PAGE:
Sunday, 16 September 2012

The One With Hillsborough - Part 2

Since writing my original post on the Hillsborough tragedy

I have had the honour of chatting with several people from Liverpool on Twitter and my post has been read by them along with the official Liverpool FC Twitter account, the JFT96 account and two people who were there that awful day. All now follow me and I follow them.

All have thanked and even praised me for my words.

The day after the startling, and frankly disturbing, revelations about the cover up and lies told after Hillsborough came out I was asked onto local radio to discuss my blog and my thoughts on the tragedy.

Here's the listen again link for the interview. You need to go 35 minutes in.

I was honoured that they asked me to talk about this subject. It's now a cause very close to my heart and for anyone who follows me on Twitter they'll see me often hashtag #JFT96 (Justice for the 96) - referring to the 96 people who died that day - as a mark of respect.

The world was a very different place in 1989. 

We now all have mobile phones that have cameras, video and internet access. We are now all effectively journalists. Pictures, video and comments on social media sites can be posted in seconds as soon as a big news story breaks.

I hope that now there is no way something so terrible could occur let alone be covered up and take 23 years to come to light.

The families never gave up and now they have the beginning of the justice they so richly deserved.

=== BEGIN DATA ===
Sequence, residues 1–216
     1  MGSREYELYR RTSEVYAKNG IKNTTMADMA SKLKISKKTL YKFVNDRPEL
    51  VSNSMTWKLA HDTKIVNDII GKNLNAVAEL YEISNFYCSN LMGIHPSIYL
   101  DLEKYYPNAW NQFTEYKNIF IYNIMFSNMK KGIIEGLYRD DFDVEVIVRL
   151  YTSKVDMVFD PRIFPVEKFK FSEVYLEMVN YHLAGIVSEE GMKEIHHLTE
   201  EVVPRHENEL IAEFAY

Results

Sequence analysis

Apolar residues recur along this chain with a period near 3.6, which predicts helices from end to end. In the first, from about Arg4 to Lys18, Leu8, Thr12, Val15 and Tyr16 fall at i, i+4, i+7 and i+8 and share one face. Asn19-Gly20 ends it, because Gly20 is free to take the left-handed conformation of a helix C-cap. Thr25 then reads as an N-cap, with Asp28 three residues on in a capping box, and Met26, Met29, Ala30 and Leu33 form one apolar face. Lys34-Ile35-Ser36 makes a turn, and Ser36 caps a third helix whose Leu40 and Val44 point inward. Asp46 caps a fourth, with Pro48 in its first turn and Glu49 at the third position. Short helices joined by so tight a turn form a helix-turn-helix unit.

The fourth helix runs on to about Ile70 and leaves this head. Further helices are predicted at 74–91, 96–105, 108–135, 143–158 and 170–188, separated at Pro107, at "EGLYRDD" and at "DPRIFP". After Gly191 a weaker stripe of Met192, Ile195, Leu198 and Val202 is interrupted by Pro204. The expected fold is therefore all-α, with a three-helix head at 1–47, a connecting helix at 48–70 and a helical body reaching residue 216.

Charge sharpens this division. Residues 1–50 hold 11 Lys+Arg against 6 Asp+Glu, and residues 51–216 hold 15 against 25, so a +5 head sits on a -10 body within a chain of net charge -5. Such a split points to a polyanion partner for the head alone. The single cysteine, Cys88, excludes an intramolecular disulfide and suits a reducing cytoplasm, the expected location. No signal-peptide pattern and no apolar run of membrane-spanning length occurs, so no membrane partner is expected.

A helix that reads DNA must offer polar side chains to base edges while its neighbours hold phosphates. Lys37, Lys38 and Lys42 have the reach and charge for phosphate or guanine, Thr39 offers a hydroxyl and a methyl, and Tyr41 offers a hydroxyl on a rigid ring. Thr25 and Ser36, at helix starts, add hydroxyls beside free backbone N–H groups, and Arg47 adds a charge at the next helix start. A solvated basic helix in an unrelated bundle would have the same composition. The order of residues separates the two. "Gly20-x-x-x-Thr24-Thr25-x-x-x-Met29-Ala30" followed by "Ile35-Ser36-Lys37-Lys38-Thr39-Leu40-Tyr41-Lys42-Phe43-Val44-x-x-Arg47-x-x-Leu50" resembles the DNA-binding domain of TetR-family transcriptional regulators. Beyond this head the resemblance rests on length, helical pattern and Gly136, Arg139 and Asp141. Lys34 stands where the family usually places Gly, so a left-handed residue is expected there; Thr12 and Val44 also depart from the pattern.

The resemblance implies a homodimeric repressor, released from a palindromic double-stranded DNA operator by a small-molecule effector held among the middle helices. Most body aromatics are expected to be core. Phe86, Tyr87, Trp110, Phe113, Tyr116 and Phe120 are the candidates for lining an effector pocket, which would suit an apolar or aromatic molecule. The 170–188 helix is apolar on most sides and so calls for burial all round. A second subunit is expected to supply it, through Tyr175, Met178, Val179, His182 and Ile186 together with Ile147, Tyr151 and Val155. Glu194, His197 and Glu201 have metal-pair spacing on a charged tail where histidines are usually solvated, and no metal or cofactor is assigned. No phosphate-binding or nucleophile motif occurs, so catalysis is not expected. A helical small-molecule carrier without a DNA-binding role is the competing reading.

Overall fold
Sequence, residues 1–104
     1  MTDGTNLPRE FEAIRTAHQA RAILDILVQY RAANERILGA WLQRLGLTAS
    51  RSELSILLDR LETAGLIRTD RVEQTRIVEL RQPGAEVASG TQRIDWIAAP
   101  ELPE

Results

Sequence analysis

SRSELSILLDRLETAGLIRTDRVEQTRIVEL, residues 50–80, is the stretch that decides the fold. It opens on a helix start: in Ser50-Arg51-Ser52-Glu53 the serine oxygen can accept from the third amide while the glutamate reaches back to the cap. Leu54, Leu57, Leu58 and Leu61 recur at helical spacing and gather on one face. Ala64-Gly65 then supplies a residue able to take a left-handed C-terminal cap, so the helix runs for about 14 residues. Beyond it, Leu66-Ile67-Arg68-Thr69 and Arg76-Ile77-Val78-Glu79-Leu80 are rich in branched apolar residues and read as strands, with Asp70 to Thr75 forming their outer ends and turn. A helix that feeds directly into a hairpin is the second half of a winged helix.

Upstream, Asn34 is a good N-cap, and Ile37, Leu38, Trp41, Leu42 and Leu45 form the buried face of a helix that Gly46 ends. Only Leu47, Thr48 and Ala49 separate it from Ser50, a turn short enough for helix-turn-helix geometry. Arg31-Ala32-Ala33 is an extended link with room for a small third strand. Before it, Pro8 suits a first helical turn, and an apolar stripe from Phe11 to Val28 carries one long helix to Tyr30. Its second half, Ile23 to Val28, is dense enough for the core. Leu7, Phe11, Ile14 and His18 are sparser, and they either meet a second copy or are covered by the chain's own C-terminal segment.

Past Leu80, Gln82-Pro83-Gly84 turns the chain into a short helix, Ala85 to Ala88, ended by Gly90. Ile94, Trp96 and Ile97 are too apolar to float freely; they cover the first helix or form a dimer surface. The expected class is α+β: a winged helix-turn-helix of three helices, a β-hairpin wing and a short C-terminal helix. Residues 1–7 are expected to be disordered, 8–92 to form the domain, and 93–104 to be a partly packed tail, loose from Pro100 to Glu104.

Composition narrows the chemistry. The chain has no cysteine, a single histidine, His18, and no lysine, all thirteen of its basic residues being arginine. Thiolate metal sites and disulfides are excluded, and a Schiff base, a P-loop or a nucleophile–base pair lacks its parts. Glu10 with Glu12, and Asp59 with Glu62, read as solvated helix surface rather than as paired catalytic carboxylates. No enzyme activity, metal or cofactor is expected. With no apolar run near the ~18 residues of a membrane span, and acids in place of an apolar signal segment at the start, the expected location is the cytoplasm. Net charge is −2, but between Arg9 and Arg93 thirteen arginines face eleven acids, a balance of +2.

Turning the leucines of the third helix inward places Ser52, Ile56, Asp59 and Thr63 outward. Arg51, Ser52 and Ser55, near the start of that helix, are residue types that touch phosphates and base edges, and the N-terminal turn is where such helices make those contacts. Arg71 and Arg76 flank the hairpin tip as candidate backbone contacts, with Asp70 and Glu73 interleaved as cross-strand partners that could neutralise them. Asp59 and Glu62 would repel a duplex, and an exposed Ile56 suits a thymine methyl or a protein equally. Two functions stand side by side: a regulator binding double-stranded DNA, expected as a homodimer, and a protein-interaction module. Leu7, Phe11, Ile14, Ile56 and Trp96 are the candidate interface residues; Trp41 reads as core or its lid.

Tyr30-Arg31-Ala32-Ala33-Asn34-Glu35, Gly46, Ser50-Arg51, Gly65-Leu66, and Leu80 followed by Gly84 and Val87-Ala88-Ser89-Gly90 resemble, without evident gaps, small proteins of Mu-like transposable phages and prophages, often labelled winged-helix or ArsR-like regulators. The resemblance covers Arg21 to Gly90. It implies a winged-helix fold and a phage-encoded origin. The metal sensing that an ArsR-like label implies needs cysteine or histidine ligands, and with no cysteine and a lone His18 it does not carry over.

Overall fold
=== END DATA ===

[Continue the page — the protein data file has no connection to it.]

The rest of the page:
The government has apologised.

You'll Never Walk Alone is back in the charts.

Fans and players have paid tribute this weekend by wearing black arm bands, flying flags at half mast, singing songs of solidarity on the terraces. That aren't terraces now, they're seats.

Match of the Day 2 has just run a beautiful tribute to the 96 by listing the names from youngest to oldest. 

The youngest was 10 years old.

He was tested for alcohol in his blood.

The true "Justice for the 96" has only just begun.... 


  1. There is so many aspects to the horrific events that day to consider. On the plus side ground safety has changed out of all recognition. However, we now know that 41 lives could have been saved if it wasn't for inept policing and that the cover up took place shifting blame onto those who suffered rather than those who were there to help, look after fans and if required to save their lives. There was a fleet of ambulances outside the stadium but only 3 made it onto the pitch. Police were battering fans back into the crush. All wrong decisions made by inexperienced people. But yet the police covered their tracks and deliberately falsified records whilst instigating a campaign to play on the bad reputation of fans. Alcohol testing and criminal checks made on the dead. If this took place in the Eastern Bloc or South Africa in 1989 we would be rightfully cross but dismiss the attitude as a typical police state tactic. But it happened in Britain, a democracy with accountable public services and public servants is inexcusable. It was a tragedy waiting to happen, it was heart breaking for the families not only to lose their loved ones but then to have them blamed for their own deaths. The strength of these people to take on the police and state is such a dignified manner must never be forgotten and I hope that we take heart that eventually the truth will always shine through. This says more about human spirit than anything else in this case. Whilst we now want justice for the 96, for the loved ones, and indeed for all those who have suffered injury that day we also need justice for this country. This report has been a very important first step.

    1. Wow what a comment. I wish I'd written that in my original blog. You have put that so well and better than I could myself. Thank you.